I can't recall a patient with itchiness that resulted from spaying or neutering and which surfaced this quickly, but there are some hormonal changes and some clinical case reports of skin disease following spaying procedures. Usually this shows up several months later when the hormonal changes have time to produce an effect.

The only way I can think of to figure out what is going on is to start with an examination, looking for signs of allergy, eosinophilic granulomas, miliary dermatitis, etc. and then starting to work up the possible causes through whatever lab work appears to be appropriate based on the examination findings. Hopefully, that will result in a diagnosis and treatment that stops the itching or at least a plan to manage it, since itchiness is often associated with conditions like allergies that are difficult to actually cure.

Mike Richards, DVM 8/16/2000


Pruritis is the name for itchiness that causes pets to scratch. Several chemical reactions occur in the skin that stimulate the nerves, causing the brain to feel the itch. We treat a scratching pet by attempting to eliminate these reactions at the source and controlling the body's response to them as well.

Some of the chemicals involved in itching are prostglandins, arachodonic acid (a specialized fatty acid) and leukotreines. By using treatments that inhibit the action of these factors at the skin level, such as antihistamines and fatty acid competitors, we can sometimes control the itching without using corticosteroids such as prednisone. If we work to control other irritating factors such as fleas, dry skin and secondary bacterial infections we can also further reduce itching. Each of these steps is very important because pets have an "itch threshold". This is the point where all of the sources of itching finally add up to enough irritation to cause the irresistible urge to scratch. Just like pain thresholds, these levels vary from pet to pet. Control of every factor that possible is important to your dog's health and comfort. Pruritis is a complication of many diseases. Only by careful examination, diagnostic tests and sometimes even trial and error can we come to understand what causes the itching in a particular pet and how we can best control it.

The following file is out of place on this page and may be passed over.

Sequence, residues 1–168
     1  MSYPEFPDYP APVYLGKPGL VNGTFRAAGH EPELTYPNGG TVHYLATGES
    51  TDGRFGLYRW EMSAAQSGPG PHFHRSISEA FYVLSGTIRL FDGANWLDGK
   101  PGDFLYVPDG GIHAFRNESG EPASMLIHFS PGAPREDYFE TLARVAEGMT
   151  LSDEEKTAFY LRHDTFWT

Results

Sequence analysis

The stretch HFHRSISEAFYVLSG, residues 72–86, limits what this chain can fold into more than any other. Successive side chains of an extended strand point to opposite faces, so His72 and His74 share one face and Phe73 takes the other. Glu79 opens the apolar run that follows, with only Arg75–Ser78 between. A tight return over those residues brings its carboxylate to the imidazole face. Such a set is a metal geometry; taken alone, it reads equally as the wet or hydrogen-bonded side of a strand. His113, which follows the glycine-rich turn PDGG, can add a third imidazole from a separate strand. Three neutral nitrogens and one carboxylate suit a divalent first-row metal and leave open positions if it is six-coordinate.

Mike Richards, DVM

Stopping the Itch

Cold water will usually reduce itching and produce temporary relief. It doesn't really matter how the water is applied, but it must be at least cool. This effect doesn't last long, usually less than one-half hour. Adding Episoothe Oatmeal Shampoo, Episoothe Oatmeal Creme Rinse, Aveeno Colloidal Oatmeal, Relief Shampoo or Domeboro's solution helps to prolong the effect. All of these products are available over-the-counter. If you use Aveeno, one to two tablespoons per gallon of water, applied as a rinse, works best. Follow the directions on the Domeboro packet and also apply as a rinse.

Shampooing will sometimes help to control itching. Some shampoos such as Pyoben and Oxydex, act to reduce the bacteria level on the skin, one cause of itching. Seba Lyt and other sulfer/salicyclic acid shampoos reduce scaling. Lytar, Clear Tar and other tar containing shampoos reduce itching and oiliness. An emollient or moisturizer used after shampooing will restore some moisture to the skin and this also reduces itching. Expar Creme Rinse can be used to kill fleas after itching and moisturize the skin.